Dr. Stefan Hördler
In addition to eyewitness accounts and written texts or documents, photography serves as a key medium through which acts of perpetration become known. Photographic images of perpetrators and their acts are produced for different purposes (documentation, evidence, self-promotion, propaganda, etc.) and come to us from different sources (journalists, victims, the perpetrators themselves, documents, archives, government agencies, etc.). But they all contribute to shaping the way that we see and think about perpetrators and perpetration: the historical and cultural imaginary is saturated with images, some of which acquire iconic status. While photographs undeniably play a crucial role in raising awareness about atrocities and other forms of mass violence, their omnipresence can on the one hand feed fascination and voyeurism, and on the other hand lead to decontextualization, desensitization, and trivialization. This means that perpetrator studies must think very carefully and critically about how photography is used, not only in the media but also in academic scholarship, at sites of memory, and in educational practice.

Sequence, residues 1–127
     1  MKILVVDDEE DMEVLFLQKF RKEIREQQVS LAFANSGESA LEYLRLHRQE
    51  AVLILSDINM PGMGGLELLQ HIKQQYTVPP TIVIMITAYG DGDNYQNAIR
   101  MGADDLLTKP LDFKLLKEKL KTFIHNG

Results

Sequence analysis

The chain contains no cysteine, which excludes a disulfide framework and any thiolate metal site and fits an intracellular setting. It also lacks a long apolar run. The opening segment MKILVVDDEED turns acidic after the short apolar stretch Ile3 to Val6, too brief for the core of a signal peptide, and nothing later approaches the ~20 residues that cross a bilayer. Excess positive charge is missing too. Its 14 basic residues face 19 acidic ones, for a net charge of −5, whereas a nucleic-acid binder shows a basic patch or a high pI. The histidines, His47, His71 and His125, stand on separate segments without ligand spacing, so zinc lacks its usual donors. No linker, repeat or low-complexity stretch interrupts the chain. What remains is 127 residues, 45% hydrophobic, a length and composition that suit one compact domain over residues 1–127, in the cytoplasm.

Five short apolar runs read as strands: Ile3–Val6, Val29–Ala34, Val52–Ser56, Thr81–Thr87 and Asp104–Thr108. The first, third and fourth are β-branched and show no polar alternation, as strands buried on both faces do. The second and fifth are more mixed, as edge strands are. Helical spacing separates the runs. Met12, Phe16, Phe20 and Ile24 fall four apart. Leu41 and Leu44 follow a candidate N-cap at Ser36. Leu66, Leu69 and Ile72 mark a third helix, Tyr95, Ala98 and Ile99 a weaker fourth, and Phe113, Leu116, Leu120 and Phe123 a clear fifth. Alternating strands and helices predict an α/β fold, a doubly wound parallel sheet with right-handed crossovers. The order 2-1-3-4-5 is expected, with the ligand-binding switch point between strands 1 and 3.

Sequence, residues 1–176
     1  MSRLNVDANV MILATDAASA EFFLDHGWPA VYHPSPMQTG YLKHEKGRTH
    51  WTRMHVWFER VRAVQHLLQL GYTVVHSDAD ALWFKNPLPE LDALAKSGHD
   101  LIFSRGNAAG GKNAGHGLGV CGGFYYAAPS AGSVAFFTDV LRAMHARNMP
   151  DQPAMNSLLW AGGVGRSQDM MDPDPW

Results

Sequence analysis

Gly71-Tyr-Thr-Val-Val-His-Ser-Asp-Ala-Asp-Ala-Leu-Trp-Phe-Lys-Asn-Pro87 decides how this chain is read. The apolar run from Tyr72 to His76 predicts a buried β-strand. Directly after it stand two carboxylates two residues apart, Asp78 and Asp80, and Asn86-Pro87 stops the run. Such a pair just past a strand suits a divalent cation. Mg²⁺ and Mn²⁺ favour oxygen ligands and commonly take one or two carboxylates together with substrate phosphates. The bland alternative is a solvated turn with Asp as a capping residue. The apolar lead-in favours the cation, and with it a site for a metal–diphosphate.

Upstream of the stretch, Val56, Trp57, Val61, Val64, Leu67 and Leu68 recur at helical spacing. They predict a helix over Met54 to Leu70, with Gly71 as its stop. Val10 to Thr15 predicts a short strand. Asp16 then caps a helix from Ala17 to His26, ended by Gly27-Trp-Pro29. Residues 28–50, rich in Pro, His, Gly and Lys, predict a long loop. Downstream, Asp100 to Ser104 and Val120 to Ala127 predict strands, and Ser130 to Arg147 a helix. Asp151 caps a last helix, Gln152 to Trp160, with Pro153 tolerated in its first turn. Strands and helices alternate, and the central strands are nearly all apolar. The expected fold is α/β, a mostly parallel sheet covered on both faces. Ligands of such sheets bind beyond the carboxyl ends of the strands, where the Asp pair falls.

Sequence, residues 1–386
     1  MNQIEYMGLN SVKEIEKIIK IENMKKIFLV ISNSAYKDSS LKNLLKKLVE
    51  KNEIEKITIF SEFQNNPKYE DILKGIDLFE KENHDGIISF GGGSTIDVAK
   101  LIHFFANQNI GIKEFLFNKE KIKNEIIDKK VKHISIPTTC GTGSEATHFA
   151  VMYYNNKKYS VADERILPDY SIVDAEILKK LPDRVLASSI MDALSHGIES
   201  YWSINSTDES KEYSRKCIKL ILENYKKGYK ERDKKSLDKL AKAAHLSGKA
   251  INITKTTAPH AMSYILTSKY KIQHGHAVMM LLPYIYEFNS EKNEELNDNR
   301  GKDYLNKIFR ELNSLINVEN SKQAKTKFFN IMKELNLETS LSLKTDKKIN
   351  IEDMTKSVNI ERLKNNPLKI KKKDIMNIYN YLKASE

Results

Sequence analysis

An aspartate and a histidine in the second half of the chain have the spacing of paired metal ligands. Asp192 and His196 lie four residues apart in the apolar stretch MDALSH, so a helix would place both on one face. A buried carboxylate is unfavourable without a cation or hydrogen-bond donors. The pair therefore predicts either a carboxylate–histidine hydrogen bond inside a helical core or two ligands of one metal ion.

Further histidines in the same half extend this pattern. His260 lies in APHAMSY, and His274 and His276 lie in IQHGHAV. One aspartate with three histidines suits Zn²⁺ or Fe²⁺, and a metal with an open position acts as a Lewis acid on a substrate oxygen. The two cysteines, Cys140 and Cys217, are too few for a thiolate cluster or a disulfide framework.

This conference aims to consider the past, present, and future uses of photography of and by perpetrators of mass violence, genocide, and other forms of political violence. We invite contributions from scholars working in the fields of history, sociology, anthropology, political science, literary and cultural studies, media studies, philosophy, law, criminology, religious studies, etc. as well as curators, educators, journalists, and other practitioners whose work intersects with the question of perpetration and the uses of photography. We will explore the questions and problems that arise in the context of photography of/by perpetrators in the media, public discourse, in cultural representations, at sites of memory, as well as in education and academic scholarship.
We invite abstracts for 20-minute presentations on the ethical, cultural, philosophical, political, legal, pedagogical, and aesthetic dimensions with respect to photography of and by perpetrators of mass violence in any historical or geographic context. We also welcome contributions that take a meta-discursive approach, i.e. examine the uses of photography of and by perpetrators within or across disciplines. In general, contributors should seek to combine case studies or specific examples with broader theoretical and methodological questions.
The conference is open to scholars, including PhD students and early career academics, but educators, and curators of museums or sites of memory are also explicitly invited. The conference language will be English.
Please send an abstract (max. 300 words), and a short bio (max. 100 words) to firstname.lastname@example.org by 30 September 2017.